Japanese SEO is simpler than in other countries. But there’s still plenty of opportunity to differentiate yourself. We explore how to rise to the top of the rankings.

Good news for digital marketers looking to break into Japan: you don’t need to learn how to use a new search engine.

That’s because Google and Yahoo! Japan are both incredibly popular, serving 70% and 24% of queries respectively. Even better, Yahoo! Japan uses the same search engine algorithm as Google. So although you’ll need to measure traffic from each site, the SEO considerations for both are the same.

That being said, Japanese SEO is not entirely straightforward. Here are some things to consider when you’re optimizing your site for Japan.


Your site structure can have a big impact on your SEO performance. Using a top-level domain name will help you to rank more highly on Japanese search engines – as will hosting your site in Japan.

Inbound links are also important. Content marketing doesn’t yet drive Japanese SEO strategy, which means there are still a huge number of affiliate advertising sites and blogs. Japanese crawlers treat inbound links from these sites differently than in the US and UK. That’s why if you search the same term on google.co.jp and google.com, you’ll get different results. Don’t go overboard with your links though, because Google penalizes sites that have too many.

Fun fact: Japan is one of the most mobile nations in the world. There are more mobile connections than people, largely because the Japanese often carry separate devices for work and home. This hyper-connectivity means that Japan has a long history of creating content for mobile. So to reach your target audience, you’ll have to make sure your website is mobile-ready.


English proficiency is famously low in Japan. In fact, only 8.7% of participants in a Rakuten survey felt confident using the language. If you want your audience to actually engage with what you’re saying, you’ll have to speak in their language. That is, of course, unless you’re using English as a stylistic feature like Starbucks.

It’s best to avoid literal or machine translations when localizing content. Because without a human touch, you could miss the cultural significance of certain symbols. For example, the number four is unlucky as it sounds like “shi” in Japanese, meaning “death”. On the other hand, the koi carp represents strength and good fortune. A simple translation won’t take these nuances into account – and getting them wrong could harm your brand image.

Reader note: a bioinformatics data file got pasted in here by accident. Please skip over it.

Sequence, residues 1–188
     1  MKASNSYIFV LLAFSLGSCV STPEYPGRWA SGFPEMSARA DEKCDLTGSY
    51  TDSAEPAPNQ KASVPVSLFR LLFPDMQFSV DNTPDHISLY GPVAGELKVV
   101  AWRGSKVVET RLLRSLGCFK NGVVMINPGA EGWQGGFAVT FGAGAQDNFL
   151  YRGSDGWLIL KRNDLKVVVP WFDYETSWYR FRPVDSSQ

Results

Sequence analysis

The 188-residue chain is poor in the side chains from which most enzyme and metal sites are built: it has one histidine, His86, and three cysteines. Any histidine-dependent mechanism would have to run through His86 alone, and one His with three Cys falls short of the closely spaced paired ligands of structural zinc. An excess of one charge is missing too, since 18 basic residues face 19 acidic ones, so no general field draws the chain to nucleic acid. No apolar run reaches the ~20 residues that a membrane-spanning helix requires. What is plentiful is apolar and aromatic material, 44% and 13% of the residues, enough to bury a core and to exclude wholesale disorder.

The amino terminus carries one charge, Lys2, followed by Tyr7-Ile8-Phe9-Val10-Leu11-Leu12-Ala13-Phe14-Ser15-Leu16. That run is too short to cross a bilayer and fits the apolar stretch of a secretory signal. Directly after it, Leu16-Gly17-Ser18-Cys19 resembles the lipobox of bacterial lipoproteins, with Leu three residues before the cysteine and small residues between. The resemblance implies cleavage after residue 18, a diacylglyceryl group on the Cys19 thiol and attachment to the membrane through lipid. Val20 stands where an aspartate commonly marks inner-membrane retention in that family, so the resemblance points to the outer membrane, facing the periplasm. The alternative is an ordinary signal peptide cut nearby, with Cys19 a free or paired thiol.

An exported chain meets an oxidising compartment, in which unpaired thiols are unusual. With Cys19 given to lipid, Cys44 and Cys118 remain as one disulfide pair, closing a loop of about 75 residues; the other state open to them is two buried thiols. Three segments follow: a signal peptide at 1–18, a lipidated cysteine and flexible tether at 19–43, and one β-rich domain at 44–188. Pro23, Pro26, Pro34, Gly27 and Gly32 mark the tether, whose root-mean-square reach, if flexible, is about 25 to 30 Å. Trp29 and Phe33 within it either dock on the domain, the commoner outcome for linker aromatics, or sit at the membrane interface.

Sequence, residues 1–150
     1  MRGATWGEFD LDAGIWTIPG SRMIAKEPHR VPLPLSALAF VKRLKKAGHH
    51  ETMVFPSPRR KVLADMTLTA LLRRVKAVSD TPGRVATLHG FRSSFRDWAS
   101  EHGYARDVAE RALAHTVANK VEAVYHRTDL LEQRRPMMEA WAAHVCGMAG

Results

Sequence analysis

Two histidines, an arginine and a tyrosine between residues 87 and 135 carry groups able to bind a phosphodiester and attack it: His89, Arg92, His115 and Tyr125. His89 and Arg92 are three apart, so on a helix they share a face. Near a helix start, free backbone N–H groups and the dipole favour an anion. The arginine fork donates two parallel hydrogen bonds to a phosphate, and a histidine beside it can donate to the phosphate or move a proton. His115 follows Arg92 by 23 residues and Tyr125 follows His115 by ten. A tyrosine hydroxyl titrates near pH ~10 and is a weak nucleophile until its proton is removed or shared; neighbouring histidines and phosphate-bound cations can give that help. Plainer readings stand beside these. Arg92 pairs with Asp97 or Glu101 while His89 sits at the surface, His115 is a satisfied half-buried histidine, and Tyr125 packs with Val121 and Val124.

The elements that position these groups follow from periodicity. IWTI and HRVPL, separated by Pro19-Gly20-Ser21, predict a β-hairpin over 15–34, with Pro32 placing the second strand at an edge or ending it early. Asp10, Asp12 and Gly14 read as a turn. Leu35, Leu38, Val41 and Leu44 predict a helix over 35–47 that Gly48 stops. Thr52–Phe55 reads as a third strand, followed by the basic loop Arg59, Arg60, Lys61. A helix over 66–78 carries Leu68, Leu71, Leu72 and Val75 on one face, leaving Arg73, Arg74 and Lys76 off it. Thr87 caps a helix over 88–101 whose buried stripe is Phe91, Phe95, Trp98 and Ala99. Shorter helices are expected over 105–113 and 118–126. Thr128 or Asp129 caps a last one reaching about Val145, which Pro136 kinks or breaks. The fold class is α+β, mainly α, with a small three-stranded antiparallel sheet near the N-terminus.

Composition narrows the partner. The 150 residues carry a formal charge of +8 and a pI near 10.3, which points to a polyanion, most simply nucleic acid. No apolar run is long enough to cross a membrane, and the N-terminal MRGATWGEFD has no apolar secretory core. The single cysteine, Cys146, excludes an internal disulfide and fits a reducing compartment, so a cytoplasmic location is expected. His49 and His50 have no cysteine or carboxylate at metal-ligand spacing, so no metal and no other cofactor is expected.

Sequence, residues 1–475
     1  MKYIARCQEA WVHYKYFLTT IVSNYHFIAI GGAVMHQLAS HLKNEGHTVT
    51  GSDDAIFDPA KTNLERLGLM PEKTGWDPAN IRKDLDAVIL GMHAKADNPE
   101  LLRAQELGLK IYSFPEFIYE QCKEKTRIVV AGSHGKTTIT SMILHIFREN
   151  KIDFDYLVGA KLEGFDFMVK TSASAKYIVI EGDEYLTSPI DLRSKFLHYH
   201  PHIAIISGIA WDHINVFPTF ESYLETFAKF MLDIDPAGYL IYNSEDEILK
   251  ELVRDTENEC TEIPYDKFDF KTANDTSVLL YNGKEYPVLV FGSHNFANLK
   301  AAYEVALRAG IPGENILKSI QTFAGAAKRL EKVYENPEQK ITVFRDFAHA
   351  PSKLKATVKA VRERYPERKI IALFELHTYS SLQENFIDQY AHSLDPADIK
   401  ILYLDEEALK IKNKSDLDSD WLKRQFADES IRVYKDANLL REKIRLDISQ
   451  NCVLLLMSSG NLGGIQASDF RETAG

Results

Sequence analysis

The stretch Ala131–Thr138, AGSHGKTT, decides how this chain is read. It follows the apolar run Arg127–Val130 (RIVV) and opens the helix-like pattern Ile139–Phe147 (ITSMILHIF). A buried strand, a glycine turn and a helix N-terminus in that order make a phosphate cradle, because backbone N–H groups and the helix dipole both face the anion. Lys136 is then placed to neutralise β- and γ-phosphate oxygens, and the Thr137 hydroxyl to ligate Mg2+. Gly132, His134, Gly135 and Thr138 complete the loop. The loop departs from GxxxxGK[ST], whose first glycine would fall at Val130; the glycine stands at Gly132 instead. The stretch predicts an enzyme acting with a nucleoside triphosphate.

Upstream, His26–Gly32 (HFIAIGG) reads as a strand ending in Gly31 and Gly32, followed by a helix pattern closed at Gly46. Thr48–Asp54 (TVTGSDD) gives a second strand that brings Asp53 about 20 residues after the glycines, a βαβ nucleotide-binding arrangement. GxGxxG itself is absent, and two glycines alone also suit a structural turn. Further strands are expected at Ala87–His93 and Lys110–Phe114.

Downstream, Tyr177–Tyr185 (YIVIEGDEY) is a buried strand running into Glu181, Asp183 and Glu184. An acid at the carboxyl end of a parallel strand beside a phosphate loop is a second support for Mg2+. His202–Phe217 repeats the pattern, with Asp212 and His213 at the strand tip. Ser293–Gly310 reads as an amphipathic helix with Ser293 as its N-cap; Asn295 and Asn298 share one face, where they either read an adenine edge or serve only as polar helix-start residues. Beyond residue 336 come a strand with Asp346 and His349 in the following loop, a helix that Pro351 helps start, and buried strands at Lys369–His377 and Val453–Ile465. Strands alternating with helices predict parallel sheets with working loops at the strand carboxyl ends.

A good localization will also account for Japanese layouts. For example, you should invert contact details as follows:

  • [Post Code]
  • [Prefecture]
  • [City]
  • [Street Address]
  • [Family Name] [Given Name].

And you should decide whether you want to use vertical or horizontal typography.

Translating Japanese content also presents other challenges. There are three different character sets in Japanese: Kanji, Hiragana and Katakana. The use of each character set depends on the situation and audience, which means that there are several ways to say the same thing.

For example, if you’re searching for “sushi” on Google, you can choose from any of the following options: すし, 寿司, 鮨, 鮓, 寿し, スシ or ずし. Each term will rank differently, so you’ll need to carry out extensive keyword research to make sure you’re optimizing for the terms your target audience uses.


Japanese websites often look very different to those in the UK. There’s often a lot more going on, as clean styles are considered “sabishii”, or desolate. Rakuten provides a classic example of this cultural difference:




However, if you’d like your brand to have a tidier vibe, all is not lost. Some brands like Muji have deliberately reacted against the usual busyness with a more simplistic look. Whatever you decide, make sure it fits with the image you’re trying to convey.

Using manga or anime characters can also help your brand to look and feel more Japanese. These characters are incredibly popular and influential in Japan, which means they can be used to boost awareness, generate buzz and promote events. According to a study by Manga Plus, including cartoon material can even improve your website’s performance. They found that after including manga:

  • The average visit duration increases by 1 minute 12 seconds
  • Bounce rates decrease from 78% to 62%
  • Conversion rates increase from 0.36% to 0.87%

Some have argued that anime’s popularity is linked to Shintoism, a Japanese religion with strong links to animism. The cultural legacy of this belief could explain why anime and manga characters are so beloved by Japanese people – and why they can help your brand to resonate with a Japanese audience.

So although Japanese SEO might seem simple on the face of it, you shouldn’t rest on your laurels. Putting in the hard work to properly adapt and optimize your site will work wonders for your brand.

ABOUT Isabel Evans

Busy studying for my Master’s in Cognitive and Decision Sciences at UCL, I’m fascinated by how and why people do things. As well as researching and writing for Wordbank, I love learning about culture and was in my element living and studying in Paris.

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